Drama

Nikos Papatakis – Gloria mundi aka Tortura (1976)

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The young actress Galai is hired by his friend and director Hamdias to interpret a film
denouncing the torture of suspected terrorists during the war of Algeria. The woman,
using audio recordings made during the torture, practices the worst violence on
herself to make her own interpretation as realistic as possible, to confuse reality with
fiction. Galai, as the character she plays, is a part, along with her lover, a subversive
movement. In an attempt to rejoin Hamdias is forced to flee an exhausting marked by
humiliation and betrayal that ends in an unpredictable finish. Read More »

Anne-Sophie Birot – Les Filles ne Savent pas Nager aka Girls Can’t Swim (2000)

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Quote:
Even though they grew up in opposite parts of France, Gwen (Isild Le Besco) and Lise (Karen Alyx) are best friends and spend every summer vacation together on the Brittany coast where Gwen lives and Lise’s family has a summer home. But this summer is different because Lise’s family isn’t going on vacation for reasons that she won’t explain to Gwen. Sick of her parents bickering about money and missing her bosom buddy, Gwen finds a boyfriend and mingles with some horny out-of-towners. Now fifteen, she’s discovered that summer can be fun even if Lise isn’t there. Then suddenly, Lise shows up at Gwen’s house uninvited to stay for a couple of weeks. The following days are filled with unexpected surprises, causing the girls to reevaluate the importance of their friendship and the nature of their teenage anxieties. Anne-Sophie Birot’s first feature delicately captures the intimacy and uncertainty between two teenage girls whose lives are teetering on the verge of adulthood. The performances by newcomers Isild Le Besco and Karen Alyx are impressive for the subtle shifts in mood they express between wanting to be independent of one another while still remaining inseparable.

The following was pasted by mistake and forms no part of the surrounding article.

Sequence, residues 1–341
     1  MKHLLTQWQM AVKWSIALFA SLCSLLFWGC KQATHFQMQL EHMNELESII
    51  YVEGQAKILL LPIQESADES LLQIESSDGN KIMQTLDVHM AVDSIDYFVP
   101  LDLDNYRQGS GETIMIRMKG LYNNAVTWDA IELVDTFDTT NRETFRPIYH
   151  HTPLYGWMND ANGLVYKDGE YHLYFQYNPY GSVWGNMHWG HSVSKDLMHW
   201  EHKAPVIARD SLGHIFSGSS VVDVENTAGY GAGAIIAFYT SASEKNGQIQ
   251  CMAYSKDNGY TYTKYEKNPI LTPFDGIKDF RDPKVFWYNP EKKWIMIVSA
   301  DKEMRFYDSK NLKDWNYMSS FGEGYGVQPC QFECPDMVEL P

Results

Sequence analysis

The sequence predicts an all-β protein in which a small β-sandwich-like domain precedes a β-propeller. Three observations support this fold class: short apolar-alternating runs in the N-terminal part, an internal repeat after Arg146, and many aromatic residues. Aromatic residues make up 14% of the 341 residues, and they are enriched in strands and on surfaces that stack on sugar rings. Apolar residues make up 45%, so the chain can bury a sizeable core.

Read More »

Gilberto Tofano – Matzor aka siege (1969)

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Quote:
The issue of War widow representation in Israeli cinema is one of the most complex for the local industry for it seems to be unique and with a very local and specific iconography.
The war Widow is a difficult character to digest. Because this is an especially painful topic in Israel, its mode of representation is almost always problematic.
Gila Almagor in Tofano’s “siege” is one of the first characters of the “modern” war widows to appear on Israeli cinema screens.
The human and social complexity of the status of widows was not represented adequately and personally until her complex and fine appearance in this film.
It was mostly Preceded by cliches of heroic women who have sacrificed for the nation with characters to which it was very difficult to get attached, nor to their personal grief. Read More »

Rudolf Thome – Rote Sonne aka Red Sun (1970)

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Rote Sonne aka Red Sun
Rudolf Thome, Germany 1970
Runtime: 85 min
Language: German

“… one of the best German movies since the silent era … “

Dark and zany, Rote Sonne provides a fascinating snapshot of 60s culture, juxtaposing the B-film crime and science fiction genres with early feminist fervor. With the tag line “Frei, wild, cool und tödlich” (free, wild, cool and deadly), it depicts a group of young women who decide to kill their boyfriends if they insist on a relationship lasting more than five days.